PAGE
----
What is power flushing? Quite simply, a means of cleaning a wet central heating system by using water and cleaning chemicals pumped around the system at high speed but low pressure.

The power flushing equipment consists of a container to hold the water and cleansing chemicals, a powerful pump to circulate the water and various hoses and valves to connect to a heating system and be able to alter the direction of flow to loosen contaminants within the pipwork and radiators.

That’s it, a fairly simple process, but one that needs to be carried out carefully to minimise the risk of spillage and leaks. Also one is dealing with potentially dangerous chemicals, especially the acidic ones.

How does it work?

The power flush machine is connected to the system by either removing the pump head and connecting via an adaptor or more usually by removing a radiator and connecting the hoses to the flow and return radiator valves. A hose is also fed to a drain point so that the dirty water can be dumped into the drains.

The machine I use has a 1.5hp motor and a diverter valve which means that the water flow direction can be instantly reversed to facilitate in removing sludge and debris, in effect “swilling” the water in the system back & forth to loosen debris.

Various chemicals can be added to assist in removal of debris including acid based chemicals for stubborn systems, these are then neutralised to prevent acid based corrosion. These are really only used on old systems where there is also scale build up.

Another way to loosen the scale is to vibrate the radiator with a rubber mallet fitted to a hammer drill, this is done when the flushing takes place to loosen debris. The flow of a central heating pump is not sufficient to loosen sludge inside a system and that is why a power flush machine has to be used. Once completed and a magnetic filter fitted, corrosion can be minimised, provided that inhibitor levels are maintained.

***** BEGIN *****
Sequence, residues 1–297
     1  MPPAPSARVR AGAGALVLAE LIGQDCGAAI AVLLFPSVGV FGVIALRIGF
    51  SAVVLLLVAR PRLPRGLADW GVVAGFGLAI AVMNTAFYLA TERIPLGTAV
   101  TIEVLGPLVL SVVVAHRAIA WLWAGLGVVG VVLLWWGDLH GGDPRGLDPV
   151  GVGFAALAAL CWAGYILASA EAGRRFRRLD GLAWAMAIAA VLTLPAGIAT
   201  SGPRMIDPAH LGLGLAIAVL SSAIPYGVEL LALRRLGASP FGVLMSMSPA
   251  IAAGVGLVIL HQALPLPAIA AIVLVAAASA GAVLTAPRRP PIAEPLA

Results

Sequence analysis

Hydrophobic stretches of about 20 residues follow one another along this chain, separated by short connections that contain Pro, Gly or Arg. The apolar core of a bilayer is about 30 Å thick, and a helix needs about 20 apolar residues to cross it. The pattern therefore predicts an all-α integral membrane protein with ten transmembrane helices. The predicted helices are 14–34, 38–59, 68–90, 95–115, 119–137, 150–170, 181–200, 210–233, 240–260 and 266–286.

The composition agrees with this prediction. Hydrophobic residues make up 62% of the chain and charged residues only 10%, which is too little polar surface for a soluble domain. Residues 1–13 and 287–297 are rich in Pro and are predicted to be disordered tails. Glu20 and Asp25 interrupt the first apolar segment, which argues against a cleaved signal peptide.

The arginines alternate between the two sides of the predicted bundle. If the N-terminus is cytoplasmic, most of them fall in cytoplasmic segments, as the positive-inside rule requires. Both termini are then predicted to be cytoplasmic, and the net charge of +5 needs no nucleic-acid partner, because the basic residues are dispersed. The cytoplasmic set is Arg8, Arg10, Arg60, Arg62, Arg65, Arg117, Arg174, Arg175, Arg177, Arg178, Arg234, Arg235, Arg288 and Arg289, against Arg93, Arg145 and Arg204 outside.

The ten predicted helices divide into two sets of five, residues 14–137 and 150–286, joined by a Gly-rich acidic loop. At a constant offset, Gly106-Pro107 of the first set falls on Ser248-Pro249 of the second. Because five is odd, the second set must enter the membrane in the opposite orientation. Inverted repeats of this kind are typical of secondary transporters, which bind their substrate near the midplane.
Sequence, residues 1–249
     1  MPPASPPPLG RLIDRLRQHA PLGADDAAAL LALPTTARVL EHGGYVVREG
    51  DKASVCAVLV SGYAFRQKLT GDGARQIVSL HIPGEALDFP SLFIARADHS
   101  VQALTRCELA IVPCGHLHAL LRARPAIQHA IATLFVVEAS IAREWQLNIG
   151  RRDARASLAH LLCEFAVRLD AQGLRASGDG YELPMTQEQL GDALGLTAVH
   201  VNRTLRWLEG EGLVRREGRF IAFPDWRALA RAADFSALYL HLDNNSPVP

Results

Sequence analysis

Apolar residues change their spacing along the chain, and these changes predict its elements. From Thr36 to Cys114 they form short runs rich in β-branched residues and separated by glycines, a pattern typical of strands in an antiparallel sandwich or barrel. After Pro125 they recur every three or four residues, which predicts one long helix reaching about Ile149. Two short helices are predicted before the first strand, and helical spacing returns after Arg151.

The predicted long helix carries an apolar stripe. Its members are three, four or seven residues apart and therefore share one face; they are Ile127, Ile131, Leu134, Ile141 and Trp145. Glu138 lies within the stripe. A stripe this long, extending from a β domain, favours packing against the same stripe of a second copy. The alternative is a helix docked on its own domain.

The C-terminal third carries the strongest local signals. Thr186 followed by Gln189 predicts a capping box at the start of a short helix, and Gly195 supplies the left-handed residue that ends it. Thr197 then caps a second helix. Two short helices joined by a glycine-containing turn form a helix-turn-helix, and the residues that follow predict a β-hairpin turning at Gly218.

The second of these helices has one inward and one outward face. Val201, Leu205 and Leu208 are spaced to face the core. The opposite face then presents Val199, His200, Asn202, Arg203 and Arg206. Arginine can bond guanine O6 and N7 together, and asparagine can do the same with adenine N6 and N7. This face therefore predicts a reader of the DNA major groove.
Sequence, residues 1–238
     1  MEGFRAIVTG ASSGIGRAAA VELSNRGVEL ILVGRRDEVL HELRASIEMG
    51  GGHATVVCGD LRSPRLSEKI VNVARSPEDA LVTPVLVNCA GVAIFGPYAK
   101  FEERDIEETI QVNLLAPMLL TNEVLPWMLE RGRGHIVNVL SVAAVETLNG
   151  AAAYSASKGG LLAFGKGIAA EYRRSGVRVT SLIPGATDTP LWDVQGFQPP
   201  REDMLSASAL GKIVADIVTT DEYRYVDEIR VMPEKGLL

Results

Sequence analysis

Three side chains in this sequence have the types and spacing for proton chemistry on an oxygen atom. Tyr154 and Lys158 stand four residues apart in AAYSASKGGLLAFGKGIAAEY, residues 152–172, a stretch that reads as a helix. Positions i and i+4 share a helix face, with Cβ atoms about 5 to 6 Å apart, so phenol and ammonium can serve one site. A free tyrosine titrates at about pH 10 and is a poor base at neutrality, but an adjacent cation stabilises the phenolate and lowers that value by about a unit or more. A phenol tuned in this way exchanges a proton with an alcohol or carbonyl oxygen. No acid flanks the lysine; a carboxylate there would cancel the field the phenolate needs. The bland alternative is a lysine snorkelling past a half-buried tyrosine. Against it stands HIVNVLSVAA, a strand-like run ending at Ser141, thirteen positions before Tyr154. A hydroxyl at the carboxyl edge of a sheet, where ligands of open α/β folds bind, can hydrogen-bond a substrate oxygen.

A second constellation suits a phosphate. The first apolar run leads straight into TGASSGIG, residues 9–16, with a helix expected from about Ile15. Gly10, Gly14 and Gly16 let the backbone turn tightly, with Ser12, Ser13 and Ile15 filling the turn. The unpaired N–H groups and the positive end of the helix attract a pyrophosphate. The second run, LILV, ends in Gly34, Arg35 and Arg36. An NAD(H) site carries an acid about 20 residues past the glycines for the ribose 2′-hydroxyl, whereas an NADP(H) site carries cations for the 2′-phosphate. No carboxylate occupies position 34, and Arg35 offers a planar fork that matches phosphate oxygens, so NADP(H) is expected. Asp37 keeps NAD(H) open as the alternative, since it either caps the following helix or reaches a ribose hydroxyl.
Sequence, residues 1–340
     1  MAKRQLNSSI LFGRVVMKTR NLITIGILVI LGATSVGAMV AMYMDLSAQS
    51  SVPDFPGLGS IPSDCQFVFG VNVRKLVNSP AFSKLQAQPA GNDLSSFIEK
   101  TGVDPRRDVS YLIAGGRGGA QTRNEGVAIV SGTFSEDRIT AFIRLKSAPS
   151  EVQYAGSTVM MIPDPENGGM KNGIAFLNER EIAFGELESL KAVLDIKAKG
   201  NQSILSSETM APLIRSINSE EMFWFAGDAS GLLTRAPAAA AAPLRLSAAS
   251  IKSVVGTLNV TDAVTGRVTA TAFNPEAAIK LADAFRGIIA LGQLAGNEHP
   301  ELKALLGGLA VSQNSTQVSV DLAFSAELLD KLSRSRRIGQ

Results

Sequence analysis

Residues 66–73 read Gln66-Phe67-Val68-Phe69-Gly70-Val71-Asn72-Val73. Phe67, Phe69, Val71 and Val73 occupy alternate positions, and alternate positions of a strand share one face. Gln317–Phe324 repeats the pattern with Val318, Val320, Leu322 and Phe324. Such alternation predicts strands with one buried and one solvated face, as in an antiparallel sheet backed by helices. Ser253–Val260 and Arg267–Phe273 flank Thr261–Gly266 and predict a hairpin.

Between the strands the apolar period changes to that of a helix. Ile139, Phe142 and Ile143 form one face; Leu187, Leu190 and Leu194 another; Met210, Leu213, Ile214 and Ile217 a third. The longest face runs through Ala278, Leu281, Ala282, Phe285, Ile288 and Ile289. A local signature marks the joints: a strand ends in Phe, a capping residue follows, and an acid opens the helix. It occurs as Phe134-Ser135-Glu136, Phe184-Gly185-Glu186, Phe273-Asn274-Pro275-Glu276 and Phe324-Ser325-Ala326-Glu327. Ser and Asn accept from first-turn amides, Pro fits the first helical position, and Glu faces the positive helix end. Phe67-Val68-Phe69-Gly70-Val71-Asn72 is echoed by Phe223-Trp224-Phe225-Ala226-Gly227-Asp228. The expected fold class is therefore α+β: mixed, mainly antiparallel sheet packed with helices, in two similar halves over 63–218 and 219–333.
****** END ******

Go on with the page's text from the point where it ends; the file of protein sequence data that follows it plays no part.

System was filthy due to constant dilution of inhibitor

This is my Power flush machine

The picture on the left shows my flushing machine in action, the flow and return pipes are connected to the valves of a radiator which was removed prior to a new towel rail being fitted. The dump pipe was put into the WC so waste water could be easily disposed of. The magnetic filter stops sludge entering back into the system.

radiator_sludge_diagram

Image showing effects of sludge in radiator

The picture on the right shows an illustration of how sludge build up in a radiator can reduce flow and heat output. Imagine the effect when all the bottom of the radiator is silted up!
A similar thing occurs in the passageways of a plate heat exchanger in a combi boiler, but these are very fine so can easily block, replacement exchangers can be between £100 and £200 + fitting.

Hopefully after reading this you now appreciate why power flushing and magnetic filters are a necessary part of central heating maintenance and protection.

See also the post about Scale Inhibitors

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